SFC Takeovers Bulletin No. 62
The Securities and Futures Commission of Hong Kong (SFC) published Takeovers Bulletin No. 62 in September 2022 (SFC Takeovers Bulletin 62) covering recent decisions of the Hong Kong Takeovers Panel on cases involving the grant of a special waiver from the general offer obligation and the determination of the offer price in a mandatory general offer. It also provides a quarterly update on the activities of the Takeovers Team.
Takeovers Panel’s Decision on Granting a Special Waiver from the Mandatory General Offer Obligation
Broad Gongga Investment Pte. Ltd. (Broad Gongga) consulted the SFC on whether a hypothetical foreclosure sale by third-party creditors would trigger a mandatory general offer obligation on the part of Broad Gongga under Rule 26.1 of the SFC Code on Takeovers and Mergers (SFC Takeovers Code). The Takeovers Panel ruled that a special waiver from the general offer may be granted as a result of a possible foreclosure sale.
Although the Takeovers Panel does not usually consider hypothetical questions, the matter was referred to the Panel by the SFC as there were novel, important, or difficult points at issue. The Takeovers Panel convened on 25 July 2022 to consider the case and published its decision on 30 August 2022.
Broad Gongga and Jinke Property Group Company Limited (Jinke Property) are shareholders of Jinke Smart Services Group Company Limited (Jinke Smart Services), an H-share company listed on the Stock Exchange of Hong Kong Limited, and concert parties under class 1 of the Takeovers Code’s definition of “acting in concert”. In the event of a foreclosure sale of Jinke Property’s shares in Jinke Smart Services by creditors of Jinke Property having security over those shares (a Seller Forced Disposal), Broad Gongga would become the single largest shareholder and the leader of the concert group. According to Note 1 of Rule 26.1 of the Takeovers Code,1 the Seller Forced Disposal would trigger a mandatory general offer on the part of Broad Gongga for Jinke Smart Services.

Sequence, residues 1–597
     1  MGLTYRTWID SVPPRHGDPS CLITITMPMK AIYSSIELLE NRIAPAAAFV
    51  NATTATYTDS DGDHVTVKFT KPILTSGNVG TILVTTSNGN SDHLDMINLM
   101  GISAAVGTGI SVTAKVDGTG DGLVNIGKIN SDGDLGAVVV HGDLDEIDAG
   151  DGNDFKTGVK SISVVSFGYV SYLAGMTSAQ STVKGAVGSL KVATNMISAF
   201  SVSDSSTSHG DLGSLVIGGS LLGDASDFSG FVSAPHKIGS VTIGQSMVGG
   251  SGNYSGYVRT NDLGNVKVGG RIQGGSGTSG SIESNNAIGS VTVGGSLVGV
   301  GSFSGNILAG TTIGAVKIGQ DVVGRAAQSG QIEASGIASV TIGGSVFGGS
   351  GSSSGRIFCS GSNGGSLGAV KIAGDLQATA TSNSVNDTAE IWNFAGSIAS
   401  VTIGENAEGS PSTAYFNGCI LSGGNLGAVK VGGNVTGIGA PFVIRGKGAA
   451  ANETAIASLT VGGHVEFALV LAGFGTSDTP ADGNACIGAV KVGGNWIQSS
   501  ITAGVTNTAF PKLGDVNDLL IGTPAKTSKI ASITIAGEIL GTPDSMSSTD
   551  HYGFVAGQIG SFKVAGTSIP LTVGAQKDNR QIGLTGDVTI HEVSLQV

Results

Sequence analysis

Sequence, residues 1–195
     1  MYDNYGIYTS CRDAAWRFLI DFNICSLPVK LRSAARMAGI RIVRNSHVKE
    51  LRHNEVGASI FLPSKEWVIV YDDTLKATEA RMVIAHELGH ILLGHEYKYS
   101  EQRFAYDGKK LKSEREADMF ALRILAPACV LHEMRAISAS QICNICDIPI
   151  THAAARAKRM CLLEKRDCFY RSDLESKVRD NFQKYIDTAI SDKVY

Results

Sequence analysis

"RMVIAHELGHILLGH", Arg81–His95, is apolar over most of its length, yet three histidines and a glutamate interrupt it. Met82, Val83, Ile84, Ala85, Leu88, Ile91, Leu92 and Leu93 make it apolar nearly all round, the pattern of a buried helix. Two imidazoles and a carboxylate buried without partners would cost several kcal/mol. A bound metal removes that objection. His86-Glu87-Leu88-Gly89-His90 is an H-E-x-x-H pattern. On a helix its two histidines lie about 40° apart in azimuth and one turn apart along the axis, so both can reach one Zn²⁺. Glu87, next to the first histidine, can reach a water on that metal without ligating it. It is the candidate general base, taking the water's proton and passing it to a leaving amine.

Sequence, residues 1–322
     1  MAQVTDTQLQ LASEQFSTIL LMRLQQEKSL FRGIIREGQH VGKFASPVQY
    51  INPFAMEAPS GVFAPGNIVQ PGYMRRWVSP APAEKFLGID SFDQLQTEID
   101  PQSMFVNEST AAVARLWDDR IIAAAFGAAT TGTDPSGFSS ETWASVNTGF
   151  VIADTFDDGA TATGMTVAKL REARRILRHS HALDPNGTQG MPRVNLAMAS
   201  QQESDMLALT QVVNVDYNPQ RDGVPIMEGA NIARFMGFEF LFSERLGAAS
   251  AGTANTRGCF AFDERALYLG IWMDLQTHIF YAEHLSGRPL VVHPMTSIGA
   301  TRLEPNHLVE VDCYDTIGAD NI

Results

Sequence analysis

Considering the special circumstances surrounding the Seller Forced Disposal, including the fact that Broad Gongga would have no control over the entire process, the Takeovers Panel decided that a special waiver from the general offer obligation would, in principle, be appropriate. However, as the Seller Forced Disposal had yet to occur, the Takeovers Panel did not consider it appropriate to grant a waiver at this stage. It was decided that if a Seller Forced Disposal occurs or becomes imminent, Broad Gongga should apply for a special waiver and the Executive should consider the grant of a special waiver in accordance with the principles set out in the Panel’s decision.
Takeovers Panel’s Decision on the Offer Price in a Mandatory General Offer under Rule 26
On 16 May 2022, the legal advisers to Major Success Group Limited (Major Success) submitted a draft firm intention announcement to the Executive for vetting. The Executive expressed concerns regarding the offer price and how it was determined, and referred it to the Takeovers Panel as there were novel, important, or difficult points to consider. The Takeovers Panel convened on 11 August 2022 to consider the referral and the decision was published on 7 September 2022. The decision is available on the SFC’s website here.
Champion Trade Group Limited (Champion Trade) had taken assignment of an overdue loan extended by third parties to Star Soul Investments Limited (Star Soul) with full rights and benefits of the securities for the loan which included a controlling stake in Suncity Group Holdings Limited (Suncity) and other Suncity securities. Champion Trade then immediately sold all Suncity shares and other secured assets to Major Success Group Limited (Major Success) triggering a mandatory general offer obligation on the part of Major Success to acquire the shares of Suncity. Star Soul is owned by Chau Cheok Wa, the ex-chairman and an ex-executive director of Suncity, while Major Success and Champion Trade are owned by Lo Kai Bong, an executive director of Suncity.